An occasional synonym for "portmanteau word" is frankenword, an autological word exemplifying the phenomenon it describes, blending "Frankenstein" and "word".
[ "Frankenwords: They're Alive!" The Guardian, 5 February, 2016 ]
Examples in English
are examples of blends, but many blends have become part of the lexicon.
in 1896, the word brunch
(breakfast + lunch) was introduced as a "portmanteau word."
[ Punch, 1 August 1896, 58/2]
In 1964, the newly independent African republic of Tanganyika
chose the portmanteau word Tanzania
as its name. Similarly Eurasia
is a portmanteau of Europe and Asia.
Some city names are portmanteaus of the border regions they straddle: Texarkana spreads across the Texas-Arkansas border, while Calexico and Mexicali are respectively the American and Mexican sides of a single conurbation. A scientific example is a liger, which is a cross between a male lion and a female tiger (a tigon or tiglon is a similar cross in which the male is a tiger).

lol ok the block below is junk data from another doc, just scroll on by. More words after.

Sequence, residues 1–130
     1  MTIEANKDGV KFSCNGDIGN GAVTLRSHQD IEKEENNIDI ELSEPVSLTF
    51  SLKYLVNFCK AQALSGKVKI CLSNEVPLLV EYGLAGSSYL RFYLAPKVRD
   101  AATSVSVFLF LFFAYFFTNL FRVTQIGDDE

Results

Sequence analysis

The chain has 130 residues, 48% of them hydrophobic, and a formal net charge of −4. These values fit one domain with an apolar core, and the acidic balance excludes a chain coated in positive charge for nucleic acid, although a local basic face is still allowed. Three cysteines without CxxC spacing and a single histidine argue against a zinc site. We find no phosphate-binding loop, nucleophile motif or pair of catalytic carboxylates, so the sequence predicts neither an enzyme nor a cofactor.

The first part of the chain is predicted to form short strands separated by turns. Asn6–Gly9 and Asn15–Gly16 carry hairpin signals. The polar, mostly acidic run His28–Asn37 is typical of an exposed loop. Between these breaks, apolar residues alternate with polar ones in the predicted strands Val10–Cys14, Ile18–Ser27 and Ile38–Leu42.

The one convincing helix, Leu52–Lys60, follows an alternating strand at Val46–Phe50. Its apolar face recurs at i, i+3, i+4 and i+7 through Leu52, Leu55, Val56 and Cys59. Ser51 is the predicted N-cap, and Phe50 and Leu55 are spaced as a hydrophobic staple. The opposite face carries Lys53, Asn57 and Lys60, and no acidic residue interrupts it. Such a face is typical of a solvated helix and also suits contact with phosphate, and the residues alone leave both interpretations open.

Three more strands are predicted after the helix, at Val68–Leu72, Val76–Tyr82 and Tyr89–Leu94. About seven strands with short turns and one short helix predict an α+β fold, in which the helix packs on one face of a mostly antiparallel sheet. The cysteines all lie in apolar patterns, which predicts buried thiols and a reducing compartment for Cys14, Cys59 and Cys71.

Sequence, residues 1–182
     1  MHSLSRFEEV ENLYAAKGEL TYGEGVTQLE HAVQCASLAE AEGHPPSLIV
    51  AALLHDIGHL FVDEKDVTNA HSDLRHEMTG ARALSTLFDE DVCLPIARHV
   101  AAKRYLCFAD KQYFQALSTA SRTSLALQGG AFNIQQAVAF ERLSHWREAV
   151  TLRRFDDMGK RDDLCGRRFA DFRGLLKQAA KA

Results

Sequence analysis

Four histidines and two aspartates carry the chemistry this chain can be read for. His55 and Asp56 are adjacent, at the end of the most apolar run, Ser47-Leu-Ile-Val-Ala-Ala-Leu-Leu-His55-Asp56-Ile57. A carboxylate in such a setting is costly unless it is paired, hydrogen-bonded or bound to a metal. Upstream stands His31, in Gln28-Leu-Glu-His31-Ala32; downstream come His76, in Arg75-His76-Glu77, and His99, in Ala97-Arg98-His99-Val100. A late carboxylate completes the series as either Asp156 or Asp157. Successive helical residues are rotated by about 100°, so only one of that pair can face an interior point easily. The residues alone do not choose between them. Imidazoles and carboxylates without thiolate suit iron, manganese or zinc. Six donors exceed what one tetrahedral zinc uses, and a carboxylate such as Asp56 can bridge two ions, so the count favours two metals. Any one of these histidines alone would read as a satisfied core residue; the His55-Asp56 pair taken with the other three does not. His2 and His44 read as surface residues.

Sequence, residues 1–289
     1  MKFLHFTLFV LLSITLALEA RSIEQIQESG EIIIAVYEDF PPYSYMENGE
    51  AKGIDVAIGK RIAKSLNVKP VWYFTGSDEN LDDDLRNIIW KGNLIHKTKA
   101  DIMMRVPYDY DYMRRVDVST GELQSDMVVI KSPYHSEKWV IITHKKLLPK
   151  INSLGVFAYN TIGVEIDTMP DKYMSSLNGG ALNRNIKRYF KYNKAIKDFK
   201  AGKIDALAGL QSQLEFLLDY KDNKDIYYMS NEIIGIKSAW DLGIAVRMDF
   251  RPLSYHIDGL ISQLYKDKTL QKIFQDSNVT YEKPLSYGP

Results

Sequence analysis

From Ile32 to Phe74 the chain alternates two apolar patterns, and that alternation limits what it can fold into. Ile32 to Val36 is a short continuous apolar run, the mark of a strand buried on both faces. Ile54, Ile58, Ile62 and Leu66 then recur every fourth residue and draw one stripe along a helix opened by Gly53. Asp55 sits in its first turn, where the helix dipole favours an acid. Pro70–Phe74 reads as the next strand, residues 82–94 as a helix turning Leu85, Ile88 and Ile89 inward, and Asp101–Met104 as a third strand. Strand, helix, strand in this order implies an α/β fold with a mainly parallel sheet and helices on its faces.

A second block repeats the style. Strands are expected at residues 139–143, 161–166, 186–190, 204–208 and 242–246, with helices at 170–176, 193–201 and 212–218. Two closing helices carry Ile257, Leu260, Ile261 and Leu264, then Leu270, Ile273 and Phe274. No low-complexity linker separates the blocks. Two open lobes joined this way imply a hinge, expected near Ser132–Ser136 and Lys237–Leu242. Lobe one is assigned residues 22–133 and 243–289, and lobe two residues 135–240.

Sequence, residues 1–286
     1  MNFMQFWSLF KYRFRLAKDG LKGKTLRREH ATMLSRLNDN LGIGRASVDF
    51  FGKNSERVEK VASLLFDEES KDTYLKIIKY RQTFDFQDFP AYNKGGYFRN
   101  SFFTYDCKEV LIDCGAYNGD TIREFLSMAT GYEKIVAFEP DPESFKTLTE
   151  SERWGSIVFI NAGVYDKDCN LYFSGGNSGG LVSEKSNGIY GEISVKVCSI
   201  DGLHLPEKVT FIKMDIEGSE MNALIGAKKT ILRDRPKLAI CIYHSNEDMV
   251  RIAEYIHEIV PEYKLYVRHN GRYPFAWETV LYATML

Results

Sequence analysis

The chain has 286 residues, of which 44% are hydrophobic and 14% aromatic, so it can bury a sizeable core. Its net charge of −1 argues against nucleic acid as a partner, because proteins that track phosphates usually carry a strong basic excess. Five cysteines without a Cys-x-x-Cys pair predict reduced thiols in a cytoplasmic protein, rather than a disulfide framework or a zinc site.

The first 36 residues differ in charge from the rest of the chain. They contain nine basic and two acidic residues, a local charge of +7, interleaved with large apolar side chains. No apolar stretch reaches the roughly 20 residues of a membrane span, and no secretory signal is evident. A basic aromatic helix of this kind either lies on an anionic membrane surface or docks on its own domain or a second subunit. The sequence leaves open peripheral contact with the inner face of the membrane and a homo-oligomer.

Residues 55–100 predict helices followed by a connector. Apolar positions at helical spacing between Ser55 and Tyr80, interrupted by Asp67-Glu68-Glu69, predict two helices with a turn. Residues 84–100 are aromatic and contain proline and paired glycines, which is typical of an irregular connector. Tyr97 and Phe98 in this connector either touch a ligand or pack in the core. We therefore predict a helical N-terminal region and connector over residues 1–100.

Many company or brand names are portmanteaus, including Microsoft, a portmanteau of microcomputer and software; the cheese "Cambozola" combines a similar rind to "Camembert" with the same mold used to make "Gorgonzola"; passenger rail company "Amtrak", a portmanteau of "United States" and "track"; "Velcro", a portmanteau of the French "Velours" (velvet) and "Crochet" (hook); "Verizon," a portmanteau of "veritas" (Latin for truth) and "horizon"; and ComEd (a Chicago-area electric utility company), a portmanteau of "Commonwealth" and Edison (Thomas Edison).
"Jeoportmanteau!" is a recurring category on the American television quiz show Jeopardy!. The category's name is itself a portmanteau of the words "Jeopardy" and "portmanteau." Responses in the category are portmanteaus constructed by fitting two words together.
Portmanteau words may be produced by joining together proper nouns
with common nouns, such as "gerrymandering
", which refers to the scheme of Massachusetts Governor Elbridge Gerry
for politically contrived redistricting; the perimeter of one of the districts thereby created resembled a very curvy salamander in outline. The term gerrymander has itself contributed to portmanteau terms bjelkemander